Most of the sunlight reaching the Earth is in the spectrum of visible light. The radiation emitted from the Earth has longer wavelengths than the incoming radiation. The gas molecules of the atmosphere absorb a fraction of the long wavelength radiation from Earth. The denser the concentration of gases, the more heat is trapped near the Earth and as a consequence Earth’s surface temperature increases. Mankind is contributing to an increase of this warming or greenhouse effect of the atmosphere. The general warming of Earth’s climate systems during the last two centuries is called global warming, most of this recent warming is thought to be the result of human activity. Global warming is expected to increase in the future causing shifting ranges of plant populations with regard to latitude and altitude and population decline for species that are unable to adjust. The whole ecosystem and food webs are also under threat.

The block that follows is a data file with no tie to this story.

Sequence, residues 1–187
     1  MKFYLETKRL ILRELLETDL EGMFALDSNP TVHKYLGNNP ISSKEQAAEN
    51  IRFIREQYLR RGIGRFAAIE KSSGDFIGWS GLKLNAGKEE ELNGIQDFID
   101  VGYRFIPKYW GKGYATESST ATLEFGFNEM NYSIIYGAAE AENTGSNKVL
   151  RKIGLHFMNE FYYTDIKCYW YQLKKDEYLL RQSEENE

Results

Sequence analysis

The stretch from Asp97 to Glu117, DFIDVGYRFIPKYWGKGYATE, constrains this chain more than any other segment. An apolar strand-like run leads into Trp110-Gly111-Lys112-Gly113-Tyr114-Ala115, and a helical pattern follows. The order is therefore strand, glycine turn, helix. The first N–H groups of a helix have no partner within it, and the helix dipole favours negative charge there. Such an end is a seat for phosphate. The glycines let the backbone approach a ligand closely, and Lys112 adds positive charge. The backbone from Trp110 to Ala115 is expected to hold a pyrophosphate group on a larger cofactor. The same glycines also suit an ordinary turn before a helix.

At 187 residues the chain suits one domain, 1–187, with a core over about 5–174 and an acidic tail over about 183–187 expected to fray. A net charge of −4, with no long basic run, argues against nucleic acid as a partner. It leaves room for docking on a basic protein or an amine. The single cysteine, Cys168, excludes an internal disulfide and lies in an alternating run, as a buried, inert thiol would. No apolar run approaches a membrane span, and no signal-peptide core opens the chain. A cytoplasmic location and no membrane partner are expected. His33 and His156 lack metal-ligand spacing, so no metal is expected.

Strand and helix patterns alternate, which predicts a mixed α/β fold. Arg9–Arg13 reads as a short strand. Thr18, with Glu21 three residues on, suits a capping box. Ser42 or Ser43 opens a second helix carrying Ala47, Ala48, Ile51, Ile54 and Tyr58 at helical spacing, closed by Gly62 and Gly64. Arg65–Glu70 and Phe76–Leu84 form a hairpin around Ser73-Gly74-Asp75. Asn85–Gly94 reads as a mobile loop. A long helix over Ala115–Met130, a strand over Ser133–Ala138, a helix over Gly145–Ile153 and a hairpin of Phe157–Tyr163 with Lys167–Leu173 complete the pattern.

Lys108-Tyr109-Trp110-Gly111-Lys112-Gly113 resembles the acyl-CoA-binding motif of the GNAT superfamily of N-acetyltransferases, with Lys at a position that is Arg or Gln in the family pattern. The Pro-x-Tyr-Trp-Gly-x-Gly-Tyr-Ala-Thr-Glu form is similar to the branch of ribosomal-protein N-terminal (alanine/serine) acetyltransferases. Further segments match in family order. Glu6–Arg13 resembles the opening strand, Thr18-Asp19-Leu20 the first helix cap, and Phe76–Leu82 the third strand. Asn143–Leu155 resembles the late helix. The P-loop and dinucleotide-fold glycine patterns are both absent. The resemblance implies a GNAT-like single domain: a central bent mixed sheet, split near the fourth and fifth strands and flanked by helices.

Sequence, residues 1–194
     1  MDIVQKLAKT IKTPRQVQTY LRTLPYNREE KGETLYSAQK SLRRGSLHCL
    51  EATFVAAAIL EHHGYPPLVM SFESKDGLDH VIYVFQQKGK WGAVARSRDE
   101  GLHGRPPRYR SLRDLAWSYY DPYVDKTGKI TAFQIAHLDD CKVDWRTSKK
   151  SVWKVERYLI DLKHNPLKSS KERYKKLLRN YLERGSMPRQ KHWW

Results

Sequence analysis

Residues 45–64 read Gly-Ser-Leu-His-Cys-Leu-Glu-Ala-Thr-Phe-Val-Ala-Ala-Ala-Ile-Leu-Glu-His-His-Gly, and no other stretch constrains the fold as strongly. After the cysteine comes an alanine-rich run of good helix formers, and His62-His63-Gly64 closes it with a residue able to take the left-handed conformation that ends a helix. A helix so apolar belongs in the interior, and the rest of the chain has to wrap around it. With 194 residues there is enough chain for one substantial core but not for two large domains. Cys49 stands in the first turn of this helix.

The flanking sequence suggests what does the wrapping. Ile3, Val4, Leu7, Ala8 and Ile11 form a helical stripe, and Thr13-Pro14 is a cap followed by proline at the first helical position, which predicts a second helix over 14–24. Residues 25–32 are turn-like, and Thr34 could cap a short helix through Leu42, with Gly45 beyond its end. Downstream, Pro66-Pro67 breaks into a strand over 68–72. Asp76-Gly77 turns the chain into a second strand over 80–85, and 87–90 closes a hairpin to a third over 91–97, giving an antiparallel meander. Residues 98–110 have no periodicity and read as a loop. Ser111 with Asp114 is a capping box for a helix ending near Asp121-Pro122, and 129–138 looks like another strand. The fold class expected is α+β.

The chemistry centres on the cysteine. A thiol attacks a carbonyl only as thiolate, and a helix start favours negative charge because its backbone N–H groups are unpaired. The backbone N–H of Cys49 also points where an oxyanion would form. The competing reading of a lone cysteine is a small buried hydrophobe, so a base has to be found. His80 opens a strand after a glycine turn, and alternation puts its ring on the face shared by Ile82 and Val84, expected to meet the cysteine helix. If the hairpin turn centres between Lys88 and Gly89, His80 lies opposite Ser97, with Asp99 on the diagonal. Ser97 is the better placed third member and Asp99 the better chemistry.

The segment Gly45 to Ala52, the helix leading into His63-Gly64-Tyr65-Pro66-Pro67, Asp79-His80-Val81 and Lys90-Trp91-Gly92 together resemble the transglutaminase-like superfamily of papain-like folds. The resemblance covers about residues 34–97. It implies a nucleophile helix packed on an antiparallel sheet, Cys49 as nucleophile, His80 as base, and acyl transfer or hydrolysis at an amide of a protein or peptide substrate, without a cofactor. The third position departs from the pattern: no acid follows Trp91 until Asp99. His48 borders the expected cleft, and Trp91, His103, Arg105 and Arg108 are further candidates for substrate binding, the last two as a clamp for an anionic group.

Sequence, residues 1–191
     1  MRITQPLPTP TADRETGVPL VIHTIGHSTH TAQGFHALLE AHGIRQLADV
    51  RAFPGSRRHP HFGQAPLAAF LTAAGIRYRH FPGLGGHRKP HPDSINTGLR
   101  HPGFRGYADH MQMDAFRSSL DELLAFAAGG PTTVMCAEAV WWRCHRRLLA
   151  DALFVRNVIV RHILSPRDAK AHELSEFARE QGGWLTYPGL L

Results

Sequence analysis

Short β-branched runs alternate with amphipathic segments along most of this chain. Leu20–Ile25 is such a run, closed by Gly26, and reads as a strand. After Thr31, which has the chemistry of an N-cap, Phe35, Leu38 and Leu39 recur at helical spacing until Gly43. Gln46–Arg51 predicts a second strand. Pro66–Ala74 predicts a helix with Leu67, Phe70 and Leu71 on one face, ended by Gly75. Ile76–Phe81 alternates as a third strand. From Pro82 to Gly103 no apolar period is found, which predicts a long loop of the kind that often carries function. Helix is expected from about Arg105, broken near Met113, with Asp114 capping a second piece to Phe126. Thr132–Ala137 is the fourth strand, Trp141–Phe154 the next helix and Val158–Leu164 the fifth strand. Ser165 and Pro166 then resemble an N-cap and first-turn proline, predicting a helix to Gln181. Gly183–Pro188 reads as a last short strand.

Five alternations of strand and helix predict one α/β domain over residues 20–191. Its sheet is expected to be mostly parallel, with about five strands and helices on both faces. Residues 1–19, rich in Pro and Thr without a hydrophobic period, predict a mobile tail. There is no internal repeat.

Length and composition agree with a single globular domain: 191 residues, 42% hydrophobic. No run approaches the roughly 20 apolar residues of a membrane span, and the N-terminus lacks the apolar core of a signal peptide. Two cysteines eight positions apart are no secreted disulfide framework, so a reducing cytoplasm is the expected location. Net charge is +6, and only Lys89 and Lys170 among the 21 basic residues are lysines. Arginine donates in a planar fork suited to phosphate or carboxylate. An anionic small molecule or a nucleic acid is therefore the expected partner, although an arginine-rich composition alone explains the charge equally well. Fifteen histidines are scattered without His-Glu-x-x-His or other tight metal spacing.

Gasses that participate in trapping the planet’s heat emission are called greenhouse gasses. The most common ones in the atmosphere are water vapour and carbon dioxide. Carbon dioxide plays a central role in the Earth’s chemical cycling and ecosystems, being a key component of both terrestrial and marine ecosystems. It enters the ecosystems through the process of photosynthesis in green organism; plants, algae or photosynthetic bacteria. Other gas types that add to the greenhouse effect are to a large extent by-products of human activity, among them are methane, ozone and nitrous oxides. The effect of the different gasses depends in the amount and the type of molecule. For example, methane contributes twenty times more to the greenhouse effect than carbon dioxide. Fortunately, methane is found in a very low concentration in the atmosphere.
The climatic warming underway this century is expected to have a profound effect on the biosphere and species geographic distribution. Global warming could affect agricultural communities and wilderness areas, the hardest hit likely being fragile and sensitive vegetation such as the Arctic tundra and desert areas and their inhabitants. It is therefore important to try and reverse the effect of global climate change.